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Committee governs American bird names

The North American Classification Committee ruled several years ago that we should once again refer to this bird (known briefly as northern oriole) as the Baltimore oriole. Keith Corliss

Leaf through the journals of Lewis and Clark and a person cannot help but be struck by a number of things. Mainly, the meticulous recordkeeping by the Corps of Discovery as it laboriously trekked across our continent and back, greatly expanding our understanding of this vast land and opening it up to possibilities yet imagined and to a young nation yet unfulfilled.

Lesser noticed perhaps is the simple matter of spelling. Our heroes penned many hundreds of pages containing many thousands of words. Yet the actual spelling is nearly comical by modern standards. Words like Douzen, eate, rispect, and anamal - none of which would pass a fourth-grade spelling test today - stick out. We understand them certainly. The words, you see, are spelled phonetically; a common practice in the day.

On the back of the monstrous Oxford English Dictionary, Noah Webster did for America in the early 19th century what the OED was accomplishing for the rest of the English-speaking world. That is, codify and standardize the language. Now we had a system, now the written word could span continents and centuries and still be understood.

There was and still is a little problem. While spelling may be tidied up, common usage still meanders. For example, puma, mountain lion, catamount, panther and cougar can all point to the same animal among us English speakers.

The natural sciences got a jump start in the 18th century when the Swede, Carl Linnaeus, established the standard shorthand for organisms by using Latin for their genus followed by a species name. Viola, binomial nomenclature was born. Science needed precision (for obvious reasons) in areas we lay folk do not. That still leaves the rest of us trying to come to some agreement on what to call things.

Even among the people who pay attention to birds there is confusion. The scientific names of the winged beasts of the world are mostly set. But it's the common names, the ones you and I mainly use, that are a little foggy. Folks in England refer to a certain bird as the great northern diver. Here it's called the common loon. The black-necked grebe over there is the eared grebe over here. There, grey phalarope and shore lark. Here, red phalarope and horned lark. Each region of the world seems to vigorously cling to its local naming.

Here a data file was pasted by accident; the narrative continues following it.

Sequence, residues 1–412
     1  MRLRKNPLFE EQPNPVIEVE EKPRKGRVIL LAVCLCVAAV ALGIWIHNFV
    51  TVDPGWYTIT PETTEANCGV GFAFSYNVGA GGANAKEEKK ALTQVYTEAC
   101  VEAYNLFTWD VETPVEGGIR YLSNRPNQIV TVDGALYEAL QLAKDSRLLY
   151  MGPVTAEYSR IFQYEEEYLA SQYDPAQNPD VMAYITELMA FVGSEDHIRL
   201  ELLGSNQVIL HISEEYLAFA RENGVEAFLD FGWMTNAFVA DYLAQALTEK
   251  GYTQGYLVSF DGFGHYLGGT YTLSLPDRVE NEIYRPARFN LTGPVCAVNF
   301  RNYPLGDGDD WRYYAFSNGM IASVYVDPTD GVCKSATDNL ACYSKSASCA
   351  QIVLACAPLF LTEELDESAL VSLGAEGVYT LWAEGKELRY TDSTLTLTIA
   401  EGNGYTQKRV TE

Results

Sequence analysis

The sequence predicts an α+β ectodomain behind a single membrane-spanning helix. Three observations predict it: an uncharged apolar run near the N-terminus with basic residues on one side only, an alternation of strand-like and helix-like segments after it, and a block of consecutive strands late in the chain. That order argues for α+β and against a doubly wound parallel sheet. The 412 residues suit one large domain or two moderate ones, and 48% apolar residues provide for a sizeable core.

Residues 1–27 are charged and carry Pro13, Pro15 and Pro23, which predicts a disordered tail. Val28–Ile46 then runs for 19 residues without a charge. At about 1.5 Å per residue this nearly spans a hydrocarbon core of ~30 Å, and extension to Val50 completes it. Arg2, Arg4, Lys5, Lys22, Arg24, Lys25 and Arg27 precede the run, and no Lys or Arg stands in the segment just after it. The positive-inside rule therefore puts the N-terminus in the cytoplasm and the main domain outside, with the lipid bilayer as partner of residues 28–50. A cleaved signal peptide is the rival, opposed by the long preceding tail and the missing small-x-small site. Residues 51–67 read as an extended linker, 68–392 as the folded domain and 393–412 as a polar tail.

Thankfully, there's guidance for us Americans. It comes from the oldest and largest organization in the New World dedicated to the scientific study of birds, the American Ornithologists' Union. Within the AOU sits a 12-member group, the North American Classification Committee. Their mission is to "keep abreast of the systematics and distribution of North and Middle American birds, with the purpose of creating a standard classification and nomenclature." In other words, they exist to tell the rest of us what to call what. As a result, all respected publications from field guides to research papers use this specification.

But even this is malleable. The committee says it "keeps abreast." The phrase infers a changeable environment, a moving target. As new data come in to science, science must reflect the new data. So the classification, the systematics, and sometimes even the names change.

Within the last 30 years we have seen the Baltimore oriole become the northern oriole and back again; we've seen the common snipe become Wilson's snipe. We've watched as the committee renamed our black-billed magpie the American magpie. Some may recall the oldsquaw. No more. It's the long-tailed duck today.

I can appreciate the need for such alterations. Nomenclature is simply keeping pace with updated knowledge. Though if I were king for a day there'd be a tweak or two. For instance, did you ever notice much red belly on a red-bellied woodpecker? Me neither. Why do we call it eastern kingbird when the bird is found as far west as Washington? And the conspicuous white on a white-fronted goose is under its tail not on its front.

Yet for the most part we have fairly coherent common names and the classification committee does a respectable job. Without them, after all, confusion would rule. And we'd be stuck with a grab bag of localisms for animals which demand a name. A name those of us apart from science can use and still be understood.